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Douglass Family Dentistry

Dr. James D. Douglass JR, Dr. James D. Douglass III,   ​Dr. Naomi Kerr Dowell,


Why Do I Need A Crown?

No dentist can know exactly what will happen with a tooth.  They are simply advising you as to what they consider to be the best treatment for the health of your tooth in the long term.

If you have a small amount of decay (cavity), no problem, we can repair your tooth by placing a filling.  On the other hand, if you have a large amount of decay (cavity), (or when more than half your tooth is gone), sometimes it is better to have a crown.  Dental fillings, especially large ones, often have a weakening effect on teeth.  The materials we have available for fillings are not going to be as strong as your original tooth.  Crowns are made of metal and porcelain. These materials are very strong so you don’t have to worry about them breaking.

Dental fillings depend on a tooth’ s remaining structure to hold and support them.  You cannot expect the filling your dentist creates to provide the same permanence or accurate tooth restructuring that a dental crown can offer.  Fillings do not provide the same protection for teeth that dental crowns do. If the dentist suggests a crown and you choose a filling over it, we can not be responsible if the tooth breaks/ or filling breaks off.


What is Periodontal Disease?

Periodontal Disease is the leading cause of tooth loss in adults. Mainly caused by plaque bacteria, it is usually painless in the early stages. Regular dental visits are essential to maintaining gum health and timely diagnosis and treatment when needed.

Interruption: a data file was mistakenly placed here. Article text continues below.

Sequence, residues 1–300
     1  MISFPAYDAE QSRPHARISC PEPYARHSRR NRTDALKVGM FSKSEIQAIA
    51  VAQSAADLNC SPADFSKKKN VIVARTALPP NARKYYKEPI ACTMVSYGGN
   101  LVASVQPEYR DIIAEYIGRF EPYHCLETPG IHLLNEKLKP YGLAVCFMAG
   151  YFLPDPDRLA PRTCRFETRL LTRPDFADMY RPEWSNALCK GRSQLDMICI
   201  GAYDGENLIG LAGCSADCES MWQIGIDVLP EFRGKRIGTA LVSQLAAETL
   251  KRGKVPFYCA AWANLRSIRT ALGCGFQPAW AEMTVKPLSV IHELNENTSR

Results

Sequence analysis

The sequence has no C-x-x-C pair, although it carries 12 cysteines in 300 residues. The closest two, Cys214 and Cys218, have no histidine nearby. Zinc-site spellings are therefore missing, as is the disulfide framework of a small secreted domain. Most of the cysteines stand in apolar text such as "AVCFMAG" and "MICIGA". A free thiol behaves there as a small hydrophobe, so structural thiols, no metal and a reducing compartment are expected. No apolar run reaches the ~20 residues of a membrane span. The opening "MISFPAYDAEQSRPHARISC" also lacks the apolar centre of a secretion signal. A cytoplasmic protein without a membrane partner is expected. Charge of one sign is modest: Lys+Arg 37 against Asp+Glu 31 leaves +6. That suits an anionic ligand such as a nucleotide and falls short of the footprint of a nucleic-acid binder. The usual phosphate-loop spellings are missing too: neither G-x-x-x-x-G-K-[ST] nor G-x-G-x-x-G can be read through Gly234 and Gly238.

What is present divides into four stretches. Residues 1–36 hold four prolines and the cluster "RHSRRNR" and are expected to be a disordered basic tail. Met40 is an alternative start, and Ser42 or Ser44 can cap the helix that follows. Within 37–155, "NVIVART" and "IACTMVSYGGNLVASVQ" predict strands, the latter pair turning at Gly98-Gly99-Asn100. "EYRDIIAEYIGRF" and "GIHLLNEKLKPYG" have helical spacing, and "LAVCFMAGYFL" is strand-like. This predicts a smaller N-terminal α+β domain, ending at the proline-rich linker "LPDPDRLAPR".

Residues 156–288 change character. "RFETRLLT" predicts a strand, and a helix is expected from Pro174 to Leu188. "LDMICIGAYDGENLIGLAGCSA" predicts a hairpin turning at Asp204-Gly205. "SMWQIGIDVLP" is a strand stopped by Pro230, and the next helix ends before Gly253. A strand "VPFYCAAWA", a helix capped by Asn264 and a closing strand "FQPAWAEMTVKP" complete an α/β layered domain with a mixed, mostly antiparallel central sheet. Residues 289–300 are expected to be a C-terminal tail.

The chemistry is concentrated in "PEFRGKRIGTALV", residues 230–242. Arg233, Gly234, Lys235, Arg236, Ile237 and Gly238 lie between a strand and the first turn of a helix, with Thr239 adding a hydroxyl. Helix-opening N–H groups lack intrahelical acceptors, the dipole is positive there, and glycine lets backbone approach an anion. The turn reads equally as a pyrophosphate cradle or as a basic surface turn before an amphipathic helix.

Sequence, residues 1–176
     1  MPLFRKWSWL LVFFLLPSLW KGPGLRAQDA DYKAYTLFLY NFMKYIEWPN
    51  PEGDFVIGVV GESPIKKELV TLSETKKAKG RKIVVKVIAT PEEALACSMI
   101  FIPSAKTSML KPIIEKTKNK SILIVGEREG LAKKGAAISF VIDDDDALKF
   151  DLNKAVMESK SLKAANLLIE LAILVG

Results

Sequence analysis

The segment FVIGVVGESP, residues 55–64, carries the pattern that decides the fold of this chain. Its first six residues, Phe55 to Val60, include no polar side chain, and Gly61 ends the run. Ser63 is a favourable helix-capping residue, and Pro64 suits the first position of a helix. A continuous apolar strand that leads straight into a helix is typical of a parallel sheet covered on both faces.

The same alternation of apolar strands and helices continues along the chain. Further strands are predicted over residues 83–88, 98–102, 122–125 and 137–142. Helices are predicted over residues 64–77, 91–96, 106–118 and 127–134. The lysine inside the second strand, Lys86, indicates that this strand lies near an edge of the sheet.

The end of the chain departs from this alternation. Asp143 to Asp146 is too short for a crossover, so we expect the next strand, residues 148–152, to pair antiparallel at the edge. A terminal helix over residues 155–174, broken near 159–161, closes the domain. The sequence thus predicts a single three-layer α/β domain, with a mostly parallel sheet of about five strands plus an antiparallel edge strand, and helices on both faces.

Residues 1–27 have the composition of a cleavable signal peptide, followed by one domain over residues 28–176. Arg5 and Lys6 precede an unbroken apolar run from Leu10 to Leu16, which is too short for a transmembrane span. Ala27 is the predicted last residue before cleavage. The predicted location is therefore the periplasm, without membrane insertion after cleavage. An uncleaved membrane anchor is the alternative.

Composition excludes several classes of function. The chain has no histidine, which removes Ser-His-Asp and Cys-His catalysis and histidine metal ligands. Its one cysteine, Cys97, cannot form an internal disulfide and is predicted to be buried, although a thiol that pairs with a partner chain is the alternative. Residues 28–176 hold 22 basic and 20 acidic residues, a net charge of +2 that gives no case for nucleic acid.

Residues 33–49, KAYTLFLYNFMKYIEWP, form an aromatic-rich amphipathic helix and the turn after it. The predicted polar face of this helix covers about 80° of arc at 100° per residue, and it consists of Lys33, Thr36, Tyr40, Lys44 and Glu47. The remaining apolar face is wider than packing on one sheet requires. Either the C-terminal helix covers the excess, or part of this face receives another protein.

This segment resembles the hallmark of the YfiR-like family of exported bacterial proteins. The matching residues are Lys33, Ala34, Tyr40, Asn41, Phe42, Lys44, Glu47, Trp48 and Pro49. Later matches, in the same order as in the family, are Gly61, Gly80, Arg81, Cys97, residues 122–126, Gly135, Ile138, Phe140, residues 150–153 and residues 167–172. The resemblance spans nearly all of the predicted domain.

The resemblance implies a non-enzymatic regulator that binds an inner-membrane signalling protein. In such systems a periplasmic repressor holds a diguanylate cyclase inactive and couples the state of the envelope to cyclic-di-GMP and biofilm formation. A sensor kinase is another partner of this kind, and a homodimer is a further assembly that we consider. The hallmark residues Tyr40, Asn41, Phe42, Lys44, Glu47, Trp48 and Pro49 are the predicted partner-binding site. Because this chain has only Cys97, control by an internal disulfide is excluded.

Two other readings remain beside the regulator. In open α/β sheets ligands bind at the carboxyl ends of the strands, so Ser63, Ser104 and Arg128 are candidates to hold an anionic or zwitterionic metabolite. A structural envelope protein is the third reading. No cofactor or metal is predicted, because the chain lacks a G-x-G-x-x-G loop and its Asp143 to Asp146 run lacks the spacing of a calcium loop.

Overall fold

Periodontitis
A more advanced stage of gum disease involving bone and ligament surrounding the teeth.  If left untreated, it can damage the bone and the supporting tissues. Your gum separates from the tooth and the bone level deteriorates


Advanced Periodontitis
    
Further progression of periodontitis with major loss of bone support.  Your gums recede farther and separate.  Pus may develop, bone loss continues and your teeth may loosen or fall out.


Treatments
Your dentist will examine you for periodontal disease during each routine checkup. A periodontal probe will be used to determine if there is any breakdown in the gum tissue attachment or if pockets have developed between your gums and teeth.

Treament will depend upon the type of disease and how far the condition has progressed. One type of periodontitis (refractory) can only be treated and not cured. Treatment options include:

  •      Scaling removes deposits above and below the gumline.
  •      Root Planning smoothes rough root surfaces so the gum can heal. Local anesthesia may be used.
  •      Oral Irrigation directs liquid below the gumline to flush out toxins and germs to help   restore the gums to health.

        A proper program of brushing and flossing is vital to keeping healthy.

 
Periodontal Disease - Professional cleaning will help fight plaque accumulation and gum disease, and help you keep your teeth a lifetime.

Be sure to follow the special home care instructions provided by your dental professional.


When should my child start seeing the dentist?

It is recommended that most children begin seeing the dentist at the age of 3 so that they will become aquainted with the dentist.  Hopefully this will prevent fears or phobias in the future.  Should your child experience any dental problems prior to the recommended age of 3, he/she should seek dental attention from a child dental specialist - a pediodontist.



When will my child start loosing his/her teeth?

The following is a chart for the average child. 

Frequently Asked Questions

  • Why Do I Need a Crown?
  • What is Periodontal Disease?
  • When Should My Child Start Seeing the Dentist?
  • When Will My Child Start Losing His/Her Teeth?